A Journalist's Archive

Sweet Revenge
Diane Mott Davidson
Reviewed by Kathy Hare

WARNING: Readers have been known to ingest large quantities of chocolate while reading “Sweet Revenge” by Diane Mott Davidson.

Davidson found the recipe for success by combining her cooking and writing skills to create a delicious mystery series featuring caterer/sleuth Goldy Schulz. 

Goldy has a habit of stumbling onto murder victims while providing mouth-watering meals for clients in the fictitious town of Aspen Meadows, Colorado.

“Sweet Revenge” begins as Goldy heads up a mountain pass to the MacAuthur’s house to discuss the menu for two upcoming Christmas parties. Slowing down for a particularly nasty curve, Goldy thinks she recognizes the driver in the approaching vehicle. “Impossible,” Goldy decides – after all Sandee Brisbane, the woman who confessed to killing Goldy’s ex-husband, died six months ago. Goldy calls husband Tom, detective for the Furman County Sheriff’s Department and asks, “Is it possible Brisbane could be alive?” Tom chalks up the sighting to exhaustion; after all, having 25 bookings between Thanksgiving and Christmas is enough to make any caterer see ghosts. But readers know Brisbane will reappear.

The first body turns up between the book stacks as Goldy is making preparations for a Christmas Breakfast at the Aspen Meadows Library. Did former district attorney Drew Wellington die of a heart attack, or is it foul play? Who was that shadowy figure lurking in the library just before Wellington’s body was found? Could it have been Wellington’s ex-wife Elizabeth? Why was Neil Tharp, Wellington’s business associate, asking if a map was found on Wellington’s body?

Investigators quickly determine Wellington was murdered and arrest Pat Ingersoll, Wellington’s fiancée, after finding a bloody X-Acto knife between the pages of a scrap book, but Goldy believes Ingersoll was framed.

Goldy gathers clues to solve the mystery from Marla, the town gossip, and through tidbits of conversation she overhears at community functions. Packed in between the clues are endless descriptions of wonderful recipes.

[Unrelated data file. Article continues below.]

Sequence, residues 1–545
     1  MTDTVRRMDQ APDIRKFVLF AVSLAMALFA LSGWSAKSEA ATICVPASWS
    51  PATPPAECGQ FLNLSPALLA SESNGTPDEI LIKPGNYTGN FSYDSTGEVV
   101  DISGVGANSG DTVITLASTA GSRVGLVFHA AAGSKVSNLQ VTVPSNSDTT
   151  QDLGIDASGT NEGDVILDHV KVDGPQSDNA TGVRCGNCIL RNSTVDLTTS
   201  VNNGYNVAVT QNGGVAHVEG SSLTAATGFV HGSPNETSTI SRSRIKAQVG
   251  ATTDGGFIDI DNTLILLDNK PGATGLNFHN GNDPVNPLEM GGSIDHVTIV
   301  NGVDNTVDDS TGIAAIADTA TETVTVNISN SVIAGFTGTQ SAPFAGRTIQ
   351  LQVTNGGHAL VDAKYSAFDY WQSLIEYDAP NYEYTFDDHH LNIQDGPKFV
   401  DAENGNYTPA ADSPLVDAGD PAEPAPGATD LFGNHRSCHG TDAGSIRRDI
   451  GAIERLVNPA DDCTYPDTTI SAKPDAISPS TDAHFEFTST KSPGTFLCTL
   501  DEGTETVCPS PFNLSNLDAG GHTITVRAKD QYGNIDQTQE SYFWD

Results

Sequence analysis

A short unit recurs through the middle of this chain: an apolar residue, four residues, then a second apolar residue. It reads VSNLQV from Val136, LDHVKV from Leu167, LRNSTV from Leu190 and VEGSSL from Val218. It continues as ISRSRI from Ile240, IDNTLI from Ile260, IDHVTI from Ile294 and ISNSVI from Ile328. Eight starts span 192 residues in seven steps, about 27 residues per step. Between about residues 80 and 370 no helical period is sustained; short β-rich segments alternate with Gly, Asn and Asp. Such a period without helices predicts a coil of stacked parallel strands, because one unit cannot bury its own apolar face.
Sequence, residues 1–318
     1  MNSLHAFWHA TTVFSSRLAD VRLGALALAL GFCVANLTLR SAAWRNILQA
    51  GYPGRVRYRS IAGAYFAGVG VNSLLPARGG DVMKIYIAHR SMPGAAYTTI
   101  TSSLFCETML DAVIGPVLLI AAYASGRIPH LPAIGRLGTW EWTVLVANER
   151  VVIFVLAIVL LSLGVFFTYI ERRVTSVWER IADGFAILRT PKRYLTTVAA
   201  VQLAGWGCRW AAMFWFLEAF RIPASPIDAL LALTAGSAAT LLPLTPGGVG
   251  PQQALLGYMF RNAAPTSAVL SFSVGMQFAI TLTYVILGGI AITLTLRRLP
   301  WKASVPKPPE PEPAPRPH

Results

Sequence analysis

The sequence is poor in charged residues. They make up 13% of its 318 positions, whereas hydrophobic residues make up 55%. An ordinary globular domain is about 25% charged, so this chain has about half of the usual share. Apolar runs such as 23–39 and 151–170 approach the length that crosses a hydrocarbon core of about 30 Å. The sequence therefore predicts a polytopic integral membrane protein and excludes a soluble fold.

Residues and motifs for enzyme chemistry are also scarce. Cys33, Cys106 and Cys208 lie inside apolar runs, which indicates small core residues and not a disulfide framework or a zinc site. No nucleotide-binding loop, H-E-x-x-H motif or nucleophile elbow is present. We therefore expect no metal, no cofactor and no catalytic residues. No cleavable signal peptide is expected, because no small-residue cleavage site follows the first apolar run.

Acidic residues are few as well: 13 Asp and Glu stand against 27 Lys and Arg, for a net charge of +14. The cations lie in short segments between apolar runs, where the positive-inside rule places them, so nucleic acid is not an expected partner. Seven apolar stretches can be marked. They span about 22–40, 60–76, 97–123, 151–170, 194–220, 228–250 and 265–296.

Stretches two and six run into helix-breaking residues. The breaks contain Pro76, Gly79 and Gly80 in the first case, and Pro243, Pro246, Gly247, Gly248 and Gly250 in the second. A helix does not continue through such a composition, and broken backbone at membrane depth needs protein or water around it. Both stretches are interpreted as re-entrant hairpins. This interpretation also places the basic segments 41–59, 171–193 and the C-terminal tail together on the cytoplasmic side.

My first urge for something sweet occurred while detectives were stuffing their faces with Goldy’s “Bleak House Bars,” a yummy concoction of pecans, cream cheese, chocolate chips, and raspberry jam. A cup of hot chocolate satisfied my sweet tooth that time, but before reaching the read of the mystery, I found myself in the kitchen cooking homemade chocolate pudding with cherries as I followed Goldy from one Christmas feast to another. This book is dangerous for anyone on a diet, but for those readers who want to reproduce some of Goldy’s treats, Davidson provides 10 recipes at the end of the book.

Davidson’s “Goldy” series offers readers a great escape without the blood and guts found in other novels.

Readers who know Colorado will quickly notice many similarities between Aspen Meadows and Davidson’s hometown of Evergreen. Perhaps that is one feature which makes this book so enjoyable, Coloradans can fully appreciate the story as Goldy navigates the snowy roads between the outlandishly expensive mountain homes and the town center. Davidson created believable characters, placed them in everyday occupations, threw in a mystery, and topped the whole creation with chocolate.

Challenge your dieting skills. Read “Sweet Revenge.” See if you can finish the novel without eating any chocolate.

First published in The New Falcon Herald
Article Copyright © 2008 Bluestack Consulting, Inc.
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